75% of menopausal woman suffer from hot flushes, and we expect them in that life stage.
But what if you are still having hot flushes after menopause? And what if you are not menopausal full stop? What causes hot flushes apart from the menopause?
Hot flushes can be symptomatic of a more serious underlying medical condition. They may signal the development of an unusual allergy or sensitivity. And sometimes they are a side effect of prescribed medicine. Find out what could be causing yours…
What are hot flushes?
Hot flushes are often described as a ‘creeping’ feeling of intense warmth or heat which suffuses the face and upper body. They may also be accompanied by sweating and reddening of the skin.
Along with menopausal weight gain, restless nights and mood swings, they’re often a side effect of the menopause.
What causes hot flushes apart from the menopause?
Hot flushes and night sweats aren’t just a symptom of the menopause – they can occur for a variety of reasons, from the medication you’re taking, to lifestyle factors. So what causes hot flushes apart from the menopause?
1. Prescription medication
Hot flushes may be a side effect of certain medications, often those prescribed for pain, osteoporosis, depression, anxiety or hormonal conditions. Tramadol, steroids and opioid-based medication are common culprits.
Like with most things, not all medications affect people in the same way, so something that will cause a hot flush in one person, might not necessarily cause you to experience the same side effects.
2. Diet and weight
Spicy foods dilate blood vessels and stimulate nerve endings, triggering hot flushes in some people. Hot flushes may also signal the development of a sensitivity to alcohol, sugar, caffeine or MSG – a response which can develop at any stage of life.
Overweight and obese women are more prone to hot flushes, whether or not they are menopausal.
Hot flushes are particularly common during the first and second trimesters of pregnancy, due to hormonal changes. Some new mothers will also continue to experience them after giving birth as the body’s hormone balance readjusts.
Hormonal reactions to stress and anxiety trigger hot flushes in some people and research has found that this reaction seems to be more common in women. As well as hot flushes, stress can also trigger a rapid heart rate and even profuse sweating as the body tries to cool down after sudden intense heat.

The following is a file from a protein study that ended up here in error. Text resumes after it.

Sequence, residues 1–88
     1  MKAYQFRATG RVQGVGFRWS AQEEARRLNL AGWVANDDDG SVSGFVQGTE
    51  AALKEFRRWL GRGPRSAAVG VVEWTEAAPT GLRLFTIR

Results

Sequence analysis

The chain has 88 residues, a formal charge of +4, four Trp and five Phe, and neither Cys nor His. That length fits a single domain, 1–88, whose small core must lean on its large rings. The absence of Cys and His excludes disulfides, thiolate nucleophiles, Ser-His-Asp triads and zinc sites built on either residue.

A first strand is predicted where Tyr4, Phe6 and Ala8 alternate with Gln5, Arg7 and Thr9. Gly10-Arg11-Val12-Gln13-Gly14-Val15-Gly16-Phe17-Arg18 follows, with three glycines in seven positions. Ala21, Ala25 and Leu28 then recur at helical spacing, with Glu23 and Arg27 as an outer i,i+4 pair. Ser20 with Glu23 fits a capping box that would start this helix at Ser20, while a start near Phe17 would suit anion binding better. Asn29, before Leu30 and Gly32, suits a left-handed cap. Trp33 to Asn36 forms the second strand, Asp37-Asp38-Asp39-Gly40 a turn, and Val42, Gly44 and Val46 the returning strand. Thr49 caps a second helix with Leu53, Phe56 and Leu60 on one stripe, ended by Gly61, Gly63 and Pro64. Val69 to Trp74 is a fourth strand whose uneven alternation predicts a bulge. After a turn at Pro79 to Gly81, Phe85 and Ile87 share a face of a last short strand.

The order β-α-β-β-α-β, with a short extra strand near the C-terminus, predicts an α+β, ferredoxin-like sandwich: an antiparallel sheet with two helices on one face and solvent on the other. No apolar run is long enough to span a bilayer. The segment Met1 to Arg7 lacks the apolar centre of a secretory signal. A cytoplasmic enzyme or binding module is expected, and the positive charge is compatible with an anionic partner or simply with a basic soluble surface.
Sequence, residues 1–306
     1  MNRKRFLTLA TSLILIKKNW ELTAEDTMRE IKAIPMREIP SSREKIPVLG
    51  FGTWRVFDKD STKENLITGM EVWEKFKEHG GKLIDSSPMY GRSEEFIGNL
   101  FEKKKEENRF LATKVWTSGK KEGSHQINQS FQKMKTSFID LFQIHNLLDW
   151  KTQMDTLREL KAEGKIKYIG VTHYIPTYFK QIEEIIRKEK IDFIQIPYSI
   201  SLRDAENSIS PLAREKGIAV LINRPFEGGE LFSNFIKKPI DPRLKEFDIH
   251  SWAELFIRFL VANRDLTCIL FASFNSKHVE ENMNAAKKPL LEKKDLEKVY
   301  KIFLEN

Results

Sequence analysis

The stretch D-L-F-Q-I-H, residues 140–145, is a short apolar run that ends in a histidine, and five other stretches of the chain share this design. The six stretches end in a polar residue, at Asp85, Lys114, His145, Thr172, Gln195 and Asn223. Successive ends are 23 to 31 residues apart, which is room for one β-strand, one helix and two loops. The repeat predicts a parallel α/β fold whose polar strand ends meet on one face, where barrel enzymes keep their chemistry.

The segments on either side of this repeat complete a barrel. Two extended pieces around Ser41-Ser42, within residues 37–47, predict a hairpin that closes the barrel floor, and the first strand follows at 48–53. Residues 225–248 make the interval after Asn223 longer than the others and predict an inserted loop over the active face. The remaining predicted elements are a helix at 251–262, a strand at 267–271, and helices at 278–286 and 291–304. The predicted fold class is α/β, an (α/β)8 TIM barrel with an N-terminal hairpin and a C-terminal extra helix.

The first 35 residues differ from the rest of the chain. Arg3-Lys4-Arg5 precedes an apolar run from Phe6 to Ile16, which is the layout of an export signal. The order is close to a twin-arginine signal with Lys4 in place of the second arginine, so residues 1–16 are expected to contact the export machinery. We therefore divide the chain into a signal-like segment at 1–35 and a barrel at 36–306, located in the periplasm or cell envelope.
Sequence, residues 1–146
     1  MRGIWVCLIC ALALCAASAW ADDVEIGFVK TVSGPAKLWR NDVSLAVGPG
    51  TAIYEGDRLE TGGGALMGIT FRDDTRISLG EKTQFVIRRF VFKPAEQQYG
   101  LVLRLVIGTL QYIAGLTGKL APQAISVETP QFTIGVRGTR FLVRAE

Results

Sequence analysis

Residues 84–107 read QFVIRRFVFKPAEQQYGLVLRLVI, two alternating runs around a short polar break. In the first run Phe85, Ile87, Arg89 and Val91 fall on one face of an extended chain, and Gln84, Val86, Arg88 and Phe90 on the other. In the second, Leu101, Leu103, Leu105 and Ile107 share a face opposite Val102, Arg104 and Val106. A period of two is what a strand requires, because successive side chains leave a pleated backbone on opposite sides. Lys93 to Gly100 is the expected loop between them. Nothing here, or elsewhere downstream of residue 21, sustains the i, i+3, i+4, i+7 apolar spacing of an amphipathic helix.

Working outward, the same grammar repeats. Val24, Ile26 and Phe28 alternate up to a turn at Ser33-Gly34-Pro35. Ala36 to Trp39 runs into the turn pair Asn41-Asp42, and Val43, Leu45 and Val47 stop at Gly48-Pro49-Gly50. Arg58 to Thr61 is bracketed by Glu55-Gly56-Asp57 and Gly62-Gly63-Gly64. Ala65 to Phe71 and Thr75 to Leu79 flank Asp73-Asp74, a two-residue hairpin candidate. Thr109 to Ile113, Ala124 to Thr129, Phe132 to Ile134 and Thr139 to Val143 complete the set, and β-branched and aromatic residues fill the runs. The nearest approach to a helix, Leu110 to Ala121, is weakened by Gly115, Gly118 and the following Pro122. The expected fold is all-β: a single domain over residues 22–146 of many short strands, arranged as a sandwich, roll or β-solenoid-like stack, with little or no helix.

Any infection which causes a fever can trigger hot flush symptoms. Issues such as a urinary tract infection could create hot flushes as the body’s temperature raises as it tries to kill off the viral or bacterial infection.
If you are experiencing a fever thanks to an infection, it is also likely that you will get fatigue, joint aches and sweating.
An overactive thyroid can cause hot flushes. According to the British Thyroid Foundation, too much of the thyroid hormone can cause excessive sweating, meaning menopausal sweating and thyroid symptoms can seem similar. To differentiate between the two, a blood test for thyroid function is usually performed.
Hyperthyroidism is also associated with unexpected weight loss and changes in bowel patterns.
7. Heart problems
Experts have linked abnormal heart function with hot flush symptoms, and it is thought that the abnormal changes in the heart’s pumping action can bring on hot flushes.
Although inconclusive, tests have also shown there could be a link between menopausal hot flushes and heart disease, with the chances of developing heart problems becoming increased if you continued experiencing hot flushes several years after the menopause.
8. Cancer and cancer treatment
Hot flushes are sometimes a lesser-known symptom of breast cancer, leukaemia, lymphoma or carcinoid syndrome (a condition in which a neuroendocrine tumour releases chemicals into the body, which cause hot flush symptoms). But hot flushes can also be caused by cancer treatment too, including chemotherapy and tamoxifen (a common breast cancer treatment).
Seven out of ten women who’ve undergone treatment for breast cancer experience hot flushes.
Tuberculosis is a bacterial infection which mainly affects lungs. But as well as a persistent cough, TB can also be a trigger for hot flushes and night sweats. The body’s temperature is raised significantly when suffering from Tuberculosis, causing you to sweat more as your body tries to cool down.
10. The male menopause
Men may experience mid-life hot flushes as a result of decreasing testosterone levels – sometimes referred to as the ‘andropause’. They’re also commonly experienced by men undergoing treatment for prostate cancer because of the hormone therapy used.
How to stop hot flushes
- See your doctor to make sure there is no underlying medical condition causing your hot flushes, particularly if you’re also suffering from symptoms such as fatigue, weakness, weight loss or diarrhoea
- Check the listed side effects of all of your current medication. If hot flushes are listed as a side effect then discuss your prescription with your doctor. There may be a suitable alternative, or changing timing or dosage might help
- Keep a food diary. This will help you identify whether certain foods or ingredients are triggers
- Track when you have a hot flush. Write down where you were and what you were doing. This might reveal patterns or environmental factors that are causing them
- Make time for yourself. Scientists have identified a link between hot flushes and stress
- Exercise regularly
- Reduce your alcohol intake and if you are a smoker, quit
- Limiting spicy foods and caffeine
- Reducing the temperature of baths and showers
- Wearing light layers
- Sleeping in layered sheets
- Carrying a cool water spray for on-the-go hydration